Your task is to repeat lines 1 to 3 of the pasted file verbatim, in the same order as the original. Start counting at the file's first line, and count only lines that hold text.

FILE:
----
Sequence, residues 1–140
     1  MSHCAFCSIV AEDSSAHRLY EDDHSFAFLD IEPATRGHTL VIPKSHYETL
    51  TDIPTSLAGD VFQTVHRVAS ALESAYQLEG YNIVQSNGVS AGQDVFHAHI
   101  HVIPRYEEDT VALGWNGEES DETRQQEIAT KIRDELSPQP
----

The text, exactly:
Sequence, residues 1–140
     1  MSHCAFCSIV AEDSSAHRLY EDDHSFAFLD IEPATRGHTL VIPKSHYETL
    51  TDIPTSLAGD VFQTVHRVAS ALESAYQLEG YNIVQSNGVS AGQDVFHAHI